Imagining an alternative world: Stories for justice*

May 14, 2021

In the 2019 Australian Federal election, Labor leader Bill Shorten offered diverse policies but never a narrative which could be remembered and shared. To speak about justice, a story could have been more effective than a recitation of policies.

With evidence from numerous countries, the book Cruelty or Humanity tells stories of cruelties at the hub of domestic and foreign policies. The stories depict the plight of powerless castes, of Indigenous peoples, refugees, unmarried mothers, apostates, prisoners, people experiencing poverty, homelessness, or unemployment.

To imagine an alternative world, stories can also be expressed in a language for humanity, starting with references to non-violence.

Non-Violence and life-enhancing use of power

The story of the Covid pandemic is matched by the scourge of domestic violence and in the US by slaughter with guns. In Israel, settlers with fascist attitudes drive Palestinians from their homes. In Myanmar, a vicious military kill their own people.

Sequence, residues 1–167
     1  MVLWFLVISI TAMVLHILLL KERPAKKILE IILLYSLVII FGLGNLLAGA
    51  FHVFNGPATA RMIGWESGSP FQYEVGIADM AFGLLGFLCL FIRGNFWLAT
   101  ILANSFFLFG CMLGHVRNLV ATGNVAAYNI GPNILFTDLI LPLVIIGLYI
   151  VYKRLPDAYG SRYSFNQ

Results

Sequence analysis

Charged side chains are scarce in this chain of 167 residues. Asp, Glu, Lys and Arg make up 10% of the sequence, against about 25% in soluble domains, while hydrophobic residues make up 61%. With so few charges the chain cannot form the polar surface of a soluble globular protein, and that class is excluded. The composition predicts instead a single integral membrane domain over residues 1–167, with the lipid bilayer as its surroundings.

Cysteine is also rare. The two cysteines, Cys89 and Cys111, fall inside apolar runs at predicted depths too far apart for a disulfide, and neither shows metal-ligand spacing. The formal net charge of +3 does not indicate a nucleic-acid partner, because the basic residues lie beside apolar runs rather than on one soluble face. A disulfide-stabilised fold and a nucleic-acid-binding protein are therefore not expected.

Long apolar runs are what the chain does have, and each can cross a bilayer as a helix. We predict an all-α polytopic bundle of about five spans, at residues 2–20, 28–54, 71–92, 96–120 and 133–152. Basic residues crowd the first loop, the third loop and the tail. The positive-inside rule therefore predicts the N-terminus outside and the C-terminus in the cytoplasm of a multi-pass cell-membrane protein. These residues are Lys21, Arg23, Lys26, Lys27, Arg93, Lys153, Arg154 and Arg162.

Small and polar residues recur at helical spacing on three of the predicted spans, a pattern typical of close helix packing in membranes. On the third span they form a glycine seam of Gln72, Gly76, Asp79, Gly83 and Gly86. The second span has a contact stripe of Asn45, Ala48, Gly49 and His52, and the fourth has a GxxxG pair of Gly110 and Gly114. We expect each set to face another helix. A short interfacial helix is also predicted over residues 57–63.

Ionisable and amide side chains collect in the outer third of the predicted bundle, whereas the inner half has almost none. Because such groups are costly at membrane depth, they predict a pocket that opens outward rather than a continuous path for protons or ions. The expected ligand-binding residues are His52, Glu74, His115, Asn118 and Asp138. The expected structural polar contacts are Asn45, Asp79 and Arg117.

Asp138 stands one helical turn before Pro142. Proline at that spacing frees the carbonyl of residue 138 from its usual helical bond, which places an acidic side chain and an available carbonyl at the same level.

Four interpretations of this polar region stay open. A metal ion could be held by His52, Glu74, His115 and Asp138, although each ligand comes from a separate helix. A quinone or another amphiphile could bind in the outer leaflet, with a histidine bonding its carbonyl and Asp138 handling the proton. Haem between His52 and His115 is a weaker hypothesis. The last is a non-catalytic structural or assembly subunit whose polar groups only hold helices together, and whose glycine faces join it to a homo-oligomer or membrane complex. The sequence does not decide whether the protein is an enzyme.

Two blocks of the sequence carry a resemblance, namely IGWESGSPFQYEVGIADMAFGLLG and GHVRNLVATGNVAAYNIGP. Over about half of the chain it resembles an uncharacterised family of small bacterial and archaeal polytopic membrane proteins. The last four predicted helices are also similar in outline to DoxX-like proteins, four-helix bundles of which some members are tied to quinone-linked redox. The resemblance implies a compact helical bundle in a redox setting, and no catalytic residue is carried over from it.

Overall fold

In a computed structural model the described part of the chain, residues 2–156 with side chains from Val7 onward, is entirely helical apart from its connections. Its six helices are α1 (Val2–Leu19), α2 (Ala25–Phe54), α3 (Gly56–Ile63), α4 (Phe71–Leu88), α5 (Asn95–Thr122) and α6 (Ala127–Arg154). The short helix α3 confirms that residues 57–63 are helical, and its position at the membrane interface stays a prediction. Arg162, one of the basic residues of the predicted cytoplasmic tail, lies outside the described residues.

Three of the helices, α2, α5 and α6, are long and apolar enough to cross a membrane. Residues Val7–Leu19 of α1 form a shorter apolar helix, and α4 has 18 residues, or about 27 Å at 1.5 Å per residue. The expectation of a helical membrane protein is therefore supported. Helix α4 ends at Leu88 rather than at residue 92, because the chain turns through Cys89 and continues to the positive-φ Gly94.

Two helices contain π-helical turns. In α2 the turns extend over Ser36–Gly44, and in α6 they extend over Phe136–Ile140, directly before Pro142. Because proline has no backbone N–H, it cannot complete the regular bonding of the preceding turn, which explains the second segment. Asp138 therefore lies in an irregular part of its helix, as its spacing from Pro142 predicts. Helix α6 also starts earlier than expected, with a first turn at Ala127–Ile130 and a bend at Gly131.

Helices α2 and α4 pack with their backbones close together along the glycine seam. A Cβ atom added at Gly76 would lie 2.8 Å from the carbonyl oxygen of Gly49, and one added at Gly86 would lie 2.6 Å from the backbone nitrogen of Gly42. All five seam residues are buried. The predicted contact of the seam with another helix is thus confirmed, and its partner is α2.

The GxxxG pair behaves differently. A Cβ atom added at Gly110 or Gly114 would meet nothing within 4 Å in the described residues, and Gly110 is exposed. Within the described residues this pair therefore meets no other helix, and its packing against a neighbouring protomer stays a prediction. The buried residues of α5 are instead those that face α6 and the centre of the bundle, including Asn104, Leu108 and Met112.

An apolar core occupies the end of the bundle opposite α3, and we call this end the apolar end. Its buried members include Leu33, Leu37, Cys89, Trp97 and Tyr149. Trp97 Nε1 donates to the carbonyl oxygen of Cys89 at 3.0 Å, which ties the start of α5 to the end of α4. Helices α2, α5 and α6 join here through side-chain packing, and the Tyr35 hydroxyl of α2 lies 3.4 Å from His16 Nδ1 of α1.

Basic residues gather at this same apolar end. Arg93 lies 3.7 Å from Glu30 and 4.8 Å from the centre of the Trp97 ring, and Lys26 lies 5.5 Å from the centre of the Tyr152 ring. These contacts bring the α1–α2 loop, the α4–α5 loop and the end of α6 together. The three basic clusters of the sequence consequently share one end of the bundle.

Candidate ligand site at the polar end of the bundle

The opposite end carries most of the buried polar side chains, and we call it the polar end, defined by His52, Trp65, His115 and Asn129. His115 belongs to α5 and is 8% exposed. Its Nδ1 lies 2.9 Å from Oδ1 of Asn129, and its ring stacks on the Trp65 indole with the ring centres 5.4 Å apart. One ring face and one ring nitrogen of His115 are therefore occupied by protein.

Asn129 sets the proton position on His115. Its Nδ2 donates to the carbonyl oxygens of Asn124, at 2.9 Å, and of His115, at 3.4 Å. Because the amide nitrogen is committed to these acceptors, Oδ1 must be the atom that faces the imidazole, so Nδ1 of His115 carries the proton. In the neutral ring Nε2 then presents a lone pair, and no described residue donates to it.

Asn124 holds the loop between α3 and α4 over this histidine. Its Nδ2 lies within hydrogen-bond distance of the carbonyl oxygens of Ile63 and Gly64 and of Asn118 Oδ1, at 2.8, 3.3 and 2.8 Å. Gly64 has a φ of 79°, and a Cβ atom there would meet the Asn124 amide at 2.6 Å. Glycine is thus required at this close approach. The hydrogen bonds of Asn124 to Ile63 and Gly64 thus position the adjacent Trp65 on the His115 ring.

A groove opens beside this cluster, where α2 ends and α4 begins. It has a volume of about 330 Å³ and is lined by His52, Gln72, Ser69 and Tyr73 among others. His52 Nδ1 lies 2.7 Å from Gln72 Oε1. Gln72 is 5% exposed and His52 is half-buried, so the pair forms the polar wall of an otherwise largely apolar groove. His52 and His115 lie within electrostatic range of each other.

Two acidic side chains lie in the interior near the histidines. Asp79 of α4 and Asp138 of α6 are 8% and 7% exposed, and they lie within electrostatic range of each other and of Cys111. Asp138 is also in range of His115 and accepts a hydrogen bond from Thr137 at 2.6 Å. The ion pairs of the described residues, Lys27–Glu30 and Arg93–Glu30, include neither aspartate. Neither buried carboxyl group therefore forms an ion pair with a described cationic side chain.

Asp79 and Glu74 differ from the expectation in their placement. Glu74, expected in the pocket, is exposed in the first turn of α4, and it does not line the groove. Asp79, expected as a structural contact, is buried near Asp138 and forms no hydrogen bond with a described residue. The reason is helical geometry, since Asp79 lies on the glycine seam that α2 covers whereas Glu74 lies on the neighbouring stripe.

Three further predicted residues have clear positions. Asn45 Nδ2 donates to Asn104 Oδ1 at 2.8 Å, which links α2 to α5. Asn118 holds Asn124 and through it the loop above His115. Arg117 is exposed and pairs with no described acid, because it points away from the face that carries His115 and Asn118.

Violence towards planet earth includes emission of greenhouse gases, felling of forests, pollution of seas and extinction of species. Yet Mahatma Gandhi taught that non-violence was not only a way of living but a law for life.

Non-violence expresses ideals of a common humanity which could be inspiring, as when experiences of music, art, dance, sport and poetry convey what it is to be human. Choice of fashion, decoration of homes, the preparation of food plus hospitality to family, friends and strangers are non-violent expressions which enhance life and harm no one.

Non-violence questions how power is exercised. In families, in workplaces, in corporations, in the promotion of religions and in the conduct of national and international politics, power is too often exercised in a top-down, one-dimensional manner. Inquiries into abuse of children, into the treatment of people living with a disability, or concerning care of the elderly, have documented abusive power.